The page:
Bill Nack was a towering figure in the history of sports journalism, a literary wordsmith and tireless reporter whose distinctive and soaring prose was revered by his peers and generations of younger writers. He stands among the best sportswriters in the history of the genre, and in many ways, among the best writers of any kind. When he stopped typing, he was a giant personality, full of endless good charm, disarmingly well-read and all times, given to entertain.
The palette upon which Nack painted his most vivid portraits was horse racing, particularly Secretariat. His story entitled Pure Heart, published in the June 4, 1990 issue of Sports Illustrated, was an emotional remembrance of the horse and the story that was the centerpiece of Nack’s career, Big Red’s run to the Triple Crown in the spring of 1973. Pure Heart, written several months after Secretariat was euthanized, was a passionate remembrance of a transcendent racehorse but also of a man who had immersed himself in the story, and now found himself counting the passing of years and tasting the familiarity of his own tales.
It was almost preordained that Nack would become the greatest turf writer in history. As a child growing up in Skokie, Illinois, he worked cleaning a neighbor’s horses’ stalls and in his teens, he started going to the racetrack with his father.
Nack went to the University of Illinois, where he met Roger Ebert. The two men became lifelong friends. "He was a great American prose stylist,’’ wrote Ebert in 2008, part of long homage to Nack’s erudition and his love of books and words. After college, Nack enlisted and served a two-year hitch in the U.S. Army, including a tour in Vietnam in 1968. After his discharge, he got a job covering local politics at Newsday, and later moved to sports.
Nack dove into the job, but never more passionately than in the spring and summer of 1972, when he discovered a barrel-chested two-year-old named Secretariat, and followed him to racing’s first Triple Crown since 1948 a year later. He won seven Eclipse Awards for excellence in writing abou thoroughbred horse racing, the first in 1978, the last in 2003. But truth be told, it’s an award they could have given to Nack every year.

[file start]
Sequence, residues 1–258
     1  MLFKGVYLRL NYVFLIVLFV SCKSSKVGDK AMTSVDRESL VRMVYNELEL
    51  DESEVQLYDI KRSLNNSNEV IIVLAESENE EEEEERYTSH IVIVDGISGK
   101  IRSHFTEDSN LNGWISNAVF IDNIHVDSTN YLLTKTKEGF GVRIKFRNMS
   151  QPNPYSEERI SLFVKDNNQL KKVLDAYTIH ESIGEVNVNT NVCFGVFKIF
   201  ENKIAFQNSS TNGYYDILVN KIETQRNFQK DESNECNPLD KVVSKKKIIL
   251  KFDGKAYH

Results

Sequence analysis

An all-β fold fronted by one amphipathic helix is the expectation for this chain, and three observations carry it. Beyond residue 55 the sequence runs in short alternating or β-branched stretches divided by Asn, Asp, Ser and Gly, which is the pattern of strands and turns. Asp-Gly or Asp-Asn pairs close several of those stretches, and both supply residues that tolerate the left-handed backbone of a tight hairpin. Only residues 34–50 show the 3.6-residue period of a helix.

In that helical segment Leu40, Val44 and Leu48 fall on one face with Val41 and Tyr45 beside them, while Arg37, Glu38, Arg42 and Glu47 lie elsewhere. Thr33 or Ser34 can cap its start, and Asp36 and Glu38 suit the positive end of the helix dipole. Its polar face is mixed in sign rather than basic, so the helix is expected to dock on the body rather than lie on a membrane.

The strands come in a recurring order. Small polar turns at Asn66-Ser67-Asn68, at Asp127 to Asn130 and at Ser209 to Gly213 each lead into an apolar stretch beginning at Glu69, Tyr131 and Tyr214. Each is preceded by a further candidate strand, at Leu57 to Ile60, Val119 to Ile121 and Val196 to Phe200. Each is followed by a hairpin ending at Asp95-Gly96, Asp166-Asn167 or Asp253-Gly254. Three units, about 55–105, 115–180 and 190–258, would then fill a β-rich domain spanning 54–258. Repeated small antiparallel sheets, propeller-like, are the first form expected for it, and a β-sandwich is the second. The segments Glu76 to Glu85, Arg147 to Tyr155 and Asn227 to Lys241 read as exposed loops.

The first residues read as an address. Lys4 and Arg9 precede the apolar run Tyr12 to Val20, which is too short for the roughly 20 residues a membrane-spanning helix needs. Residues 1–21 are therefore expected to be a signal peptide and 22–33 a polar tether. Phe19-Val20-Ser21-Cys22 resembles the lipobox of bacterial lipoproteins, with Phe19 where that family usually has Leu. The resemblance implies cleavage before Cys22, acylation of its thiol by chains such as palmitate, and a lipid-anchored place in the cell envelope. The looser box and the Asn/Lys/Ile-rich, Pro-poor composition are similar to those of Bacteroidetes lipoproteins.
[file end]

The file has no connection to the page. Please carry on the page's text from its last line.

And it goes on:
But Nack saw more than just the beauty in racing. He saw the ugliness. In 1992, He wrote an investigative story for Sports Illustrated about the epidemic of thoroughbred breakdowns at American racetracks, and the connection to using painkilling injections, a battle that is still being fought today. That story got Nack shunned at racetracks across the country. He didn’t care. The story was more important than access.
But it’s selling Nack woefully short to describe him as just a turf writer. He was a general sports columnist at Newsday before he came to Sports Illustrated in 1978. At SI, racing was just a small part of his job. In more than two decades, he wrote remarkable profiles of athletes living and dead. In 1991, he looked back on the tragic life of former heavyweight champion Charles (Sonny) Liston.
Nack was versatile as he was gifted. He profiled Rick Pitino and Keith Hernandez. He looked back on the short, tragic life of Heisman Trophy winner Ernie Davis, whose death from cancer had affected Bill as a college student. He chased after Bobby Fischer.
Nack left Sports Illustrated in the spring of 2001, but he continued writing. His last Eclipse Award was for a 2003 profile of thoroughbred trainer Bob Baffert, which was published in GQ. In 2017, he was presented with a PEN/ESPN Award for literary sports writing. That is very definition of Nack’s work: Literary.
Nack died on April 14, 2018 at the age of 77, in his home in Washington, D.C., after a battle with cancer.